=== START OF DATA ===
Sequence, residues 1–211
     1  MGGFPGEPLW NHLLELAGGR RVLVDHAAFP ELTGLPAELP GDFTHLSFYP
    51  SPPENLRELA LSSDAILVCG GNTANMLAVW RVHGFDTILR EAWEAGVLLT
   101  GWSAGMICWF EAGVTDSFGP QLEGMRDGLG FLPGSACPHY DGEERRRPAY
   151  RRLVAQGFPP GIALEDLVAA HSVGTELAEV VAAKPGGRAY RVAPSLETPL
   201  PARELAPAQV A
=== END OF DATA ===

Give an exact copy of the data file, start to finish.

Sequence, residues 1–211
     1  MGGFPGEPLW NHLLELAGGR RVLVDHAAFP ELTGLPAELP GDFTHLSFYP
    51  SPPENLRELA LSSDAILVCG GNTANMLAVW RVHGFDTILR EAWEAGVLLT
   101  GWSAGMICWF EAGVTDSFGP QLEGMRDGLG FLPGSACPHY DGEERRRPAY
   151  RRLVAQGFPP GIALEDLVAA HSVGTELAEV VAAKPGGRAY RVAPSLETPL
   201  PARELAPAQV A